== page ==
Read the article and here’s a clip from the first comment – scathing, but sobering. 

Koreans view university degrees as receipts, not as confirmations of academic achievement. Cheap, shallow, materialism drags Korea and the rest of the world down…Koreans are predatory, see the rest of the world as a mass of sub-humans…You participate in the tearing down of your own cultures to sit with these piranhas and drink formaldehyde. You marry women that treat you as slaves, work for slave-drivers, teach little racists to ingratiate themselves with polite society and encourage Korean exceptionalism. Korean obsession with American education is a servile expression of their neurosis.

Wow. absolutely blistering. But is he wrong?

Education was never the goal, its benefits were. And when we confuse the goal with its benefits, we encourage people to cheat. It’s like learning to play the guitar to get a girl, or becoming a doctor for the money– you will never be a musician worth his salt nor a doctor worthy of being called a healer. You do just enough to get by.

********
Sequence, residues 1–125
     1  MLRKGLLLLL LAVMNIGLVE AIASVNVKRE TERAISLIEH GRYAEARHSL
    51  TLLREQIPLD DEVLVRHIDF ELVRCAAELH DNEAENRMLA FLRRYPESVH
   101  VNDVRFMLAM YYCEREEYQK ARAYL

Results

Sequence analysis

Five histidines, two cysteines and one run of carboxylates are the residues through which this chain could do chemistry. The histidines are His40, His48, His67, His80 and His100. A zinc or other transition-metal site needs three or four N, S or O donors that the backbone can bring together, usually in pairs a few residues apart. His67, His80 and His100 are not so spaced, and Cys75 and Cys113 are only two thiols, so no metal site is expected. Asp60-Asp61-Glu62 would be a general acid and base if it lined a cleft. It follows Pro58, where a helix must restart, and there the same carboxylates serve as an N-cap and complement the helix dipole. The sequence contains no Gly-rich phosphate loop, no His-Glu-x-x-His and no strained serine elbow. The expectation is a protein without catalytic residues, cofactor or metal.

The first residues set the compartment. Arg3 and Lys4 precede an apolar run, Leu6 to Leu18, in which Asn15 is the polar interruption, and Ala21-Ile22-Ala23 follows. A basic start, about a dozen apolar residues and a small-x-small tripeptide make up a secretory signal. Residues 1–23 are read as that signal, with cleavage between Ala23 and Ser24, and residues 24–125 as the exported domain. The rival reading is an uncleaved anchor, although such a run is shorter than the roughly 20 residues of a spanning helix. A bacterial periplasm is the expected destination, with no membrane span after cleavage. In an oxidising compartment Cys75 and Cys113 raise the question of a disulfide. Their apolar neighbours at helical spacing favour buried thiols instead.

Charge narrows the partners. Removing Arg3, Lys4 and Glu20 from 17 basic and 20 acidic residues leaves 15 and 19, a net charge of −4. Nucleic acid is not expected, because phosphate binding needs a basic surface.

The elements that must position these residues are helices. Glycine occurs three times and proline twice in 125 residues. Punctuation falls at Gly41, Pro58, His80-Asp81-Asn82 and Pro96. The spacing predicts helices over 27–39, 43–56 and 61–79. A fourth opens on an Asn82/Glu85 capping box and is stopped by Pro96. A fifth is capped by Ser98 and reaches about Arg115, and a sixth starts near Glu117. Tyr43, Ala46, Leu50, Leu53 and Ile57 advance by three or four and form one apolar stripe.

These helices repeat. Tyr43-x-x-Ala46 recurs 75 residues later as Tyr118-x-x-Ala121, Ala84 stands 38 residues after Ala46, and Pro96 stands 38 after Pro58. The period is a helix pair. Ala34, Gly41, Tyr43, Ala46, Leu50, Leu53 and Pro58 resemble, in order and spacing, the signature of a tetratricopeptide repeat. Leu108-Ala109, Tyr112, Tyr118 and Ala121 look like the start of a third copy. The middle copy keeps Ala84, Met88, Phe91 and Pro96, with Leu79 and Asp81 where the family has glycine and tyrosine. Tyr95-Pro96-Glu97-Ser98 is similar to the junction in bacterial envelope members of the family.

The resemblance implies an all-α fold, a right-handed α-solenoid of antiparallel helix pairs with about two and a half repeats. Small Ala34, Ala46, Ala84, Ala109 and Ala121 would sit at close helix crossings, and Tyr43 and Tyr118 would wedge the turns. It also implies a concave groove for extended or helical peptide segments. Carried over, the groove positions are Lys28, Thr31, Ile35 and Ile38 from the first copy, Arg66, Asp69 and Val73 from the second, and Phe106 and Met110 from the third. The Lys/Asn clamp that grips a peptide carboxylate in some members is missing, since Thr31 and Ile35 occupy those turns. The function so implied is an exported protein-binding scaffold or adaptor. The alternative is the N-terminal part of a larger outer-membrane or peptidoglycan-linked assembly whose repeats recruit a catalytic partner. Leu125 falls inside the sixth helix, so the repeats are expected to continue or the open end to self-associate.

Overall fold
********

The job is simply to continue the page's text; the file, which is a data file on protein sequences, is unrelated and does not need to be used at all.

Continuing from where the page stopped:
And what does it means that our churches follow these types of communities out to the suburbs? Same thing…we do just enough to get by, but we rarely reflect the transformative and generative power of the Gospel of Jesus Christ. The gig’s up…are we in it for the title? or the real thing?

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Comments

  1. elderj says:

    This provides some interesting context to a conversation I had with two of my youth group kids about their college choice (I’ll blog about it later). Basically I told them that while it’s nice to go to a “good school” they shouldn’t overpay for education, that schools inflate their rankings, and that they should choose a career field where they can get paid for doing what they enjoy and are good at regardless of what other people think about it. And I told them going tens of thousands of dollars into debt just so they can say they went to a “good school” is stupid when they can go to a state university for 10x less and get just as good an education

  2. L T says:

    great post! i try to encourage students to go to the school that fits them…not all AA kids are suited for the Ivies even tho they can get in…staying in is the issue and then what? what do you make of the experience? some kids just need to go to “other” schools. some church kids would thrive in a christian school where others i say get out and go ivy. the question is what is the goal – our security, our identities in our families, our comfort. if we go to an ivy, we’re guaranteed a better job, the status, the right to say…whatever it is. we’re dreaming the wrong dream for our lives.